that Apple’s conduct, while harmful to competitors, harmed overall market
competition. Apple has never required
users to exclusively download its applications, and it has never barred third-party
sellers from selling through its store because their applications competed with
Apple. While a third-party developer
could try to argue that Apple’s free applications reflect predatory pricing,
many applications are free to consumers through use of advertisements. Further, Apple could rebut any credible
anti-competitive effect with a showing that its actions were pro-competitive,
for example, through offering consumers access to a desired feature at a
favorable price point and better integration.
A third-party developer could try to argue that Apple’s use
of its App Store to pick “winning” ideas from third-party developers tends to
destroy competition itself, through lowering investment incentives for
developers. However, app developers always face the risk that new market
entrants will win market share by offering cheaper or higher quality
applications to market. And, the number
of app developers who sell
through Apple’s store each year continues to rise, suggesting that overall,
developers are not deterred from entering the market due to Apple’s behavior.
Of course, Apple is in part able to compete in this manner
because it has market power in adjacent markets – the markets for smartphone
hardware and operating
software. Developers must sell
through the App Store if they want to reach the half of U.S. smartphone users
who are iOS users – a $46.6B market (by
total revenue) in 2018. However, without
more evidence of Apple’s anti-competitive conduct in the market for application
sales, third-party developers are unlikely to have a triable anti-trust case.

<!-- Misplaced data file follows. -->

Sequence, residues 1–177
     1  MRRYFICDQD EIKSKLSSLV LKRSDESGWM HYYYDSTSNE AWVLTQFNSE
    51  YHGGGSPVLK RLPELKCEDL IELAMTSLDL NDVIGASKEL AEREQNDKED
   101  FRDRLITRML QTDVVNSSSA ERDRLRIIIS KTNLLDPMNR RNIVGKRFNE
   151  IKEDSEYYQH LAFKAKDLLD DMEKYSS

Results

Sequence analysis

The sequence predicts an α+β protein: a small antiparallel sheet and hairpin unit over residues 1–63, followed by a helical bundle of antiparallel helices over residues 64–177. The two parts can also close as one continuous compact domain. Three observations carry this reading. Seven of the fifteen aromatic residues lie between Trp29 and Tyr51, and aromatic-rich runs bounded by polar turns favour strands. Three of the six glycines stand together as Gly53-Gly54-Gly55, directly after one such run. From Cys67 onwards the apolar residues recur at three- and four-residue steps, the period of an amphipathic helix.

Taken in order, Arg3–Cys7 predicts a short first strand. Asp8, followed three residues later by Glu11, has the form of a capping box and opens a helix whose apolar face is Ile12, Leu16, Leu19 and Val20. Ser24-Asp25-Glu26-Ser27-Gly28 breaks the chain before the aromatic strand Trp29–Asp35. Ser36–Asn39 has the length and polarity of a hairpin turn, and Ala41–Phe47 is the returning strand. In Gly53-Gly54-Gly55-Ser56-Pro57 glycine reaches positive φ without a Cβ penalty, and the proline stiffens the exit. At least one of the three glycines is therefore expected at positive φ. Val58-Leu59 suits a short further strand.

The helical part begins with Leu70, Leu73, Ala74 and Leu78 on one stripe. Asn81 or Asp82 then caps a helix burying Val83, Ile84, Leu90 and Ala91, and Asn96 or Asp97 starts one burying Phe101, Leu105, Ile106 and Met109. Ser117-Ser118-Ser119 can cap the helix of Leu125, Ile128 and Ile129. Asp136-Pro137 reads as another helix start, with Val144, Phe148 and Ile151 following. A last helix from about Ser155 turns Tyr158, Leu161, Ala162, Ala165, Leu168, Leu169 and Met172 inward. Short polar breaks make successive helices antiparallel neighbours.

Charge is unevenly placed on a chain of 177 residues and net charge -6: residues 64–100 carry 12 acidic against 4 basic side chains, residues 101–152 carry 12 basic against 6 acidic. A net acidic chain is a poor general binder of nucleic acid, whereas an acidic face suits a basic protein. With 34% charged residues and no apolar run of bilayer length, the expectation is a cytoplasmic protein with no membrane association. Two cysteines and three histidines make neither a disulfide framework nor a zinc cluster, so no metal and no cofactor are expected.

Copyright infringement implications
Copyright law protects literary, musical, dramatic,
pictorial, architectural, and other works.
have long recognized the copyrightability of original computer source code and
object code, the literal or textual elements of software. Copyright
law also affords protection to non-literal elements of a computer program,
including its sequences, structure, organization, and user interface.
Non-literal protection for computer code, however, does not
extend to protection of the idea underlying a work.
Assuming that a third-party developer has a valid copyright
for her application, she is unlikely to be able to prove a case arising from
infringement of the literal or non-literal elements of her software. It is unlikely that Apple is using the
literal code underlying a third-party developer’s application in its own work. Further, without access to a third-party
developer’s code base, it is unlikely that Apple is using a third-party
developer’s sequences, structures, or organization. In addition, any non-literal code
similarities due to
reasons of efficiency, necessity, or public availability are permissible.
Thus, a third-party developer likely only has an actionable copyright
claim if she can show substantial similarities with elements of pictorial and
graphic elements in her application. If not, a third-party developer likely can
only establish that the idea of Apple’s application is the same as her own,
which is not protectable under copyright law.
Patent infringement implications
Patent law serves to protect discoveries. Such protection does extend to the idea,
procedure, process or system that underlies a work. However, practically speaking, most
software developers do not seek patent protection, because this process is
much more complex, costly and time-consuming than copyright protection. Further,
protecting patents against infringement is costly, typically involving a
drawn-out legal battle in federal court.
To the extent that a developer does have patent protection
for the idea underlying his application, he needs to show both that his patent
is valid – i.e., the idea, procedure, process or system that it describes is
novel and non-obvious – and that the defendant makes, uses, offers
to sell or sells something that contains every element of the patented claim. The defendant’s non-use of even one claim
element will prevent liability.
As such, patent protection may be the most fruitful way for
developers to enjoin Apple’s practice of using their ideas in its own
applications. However, because patent protection remains under-utilized in the
software development community, this recourse will be available to few.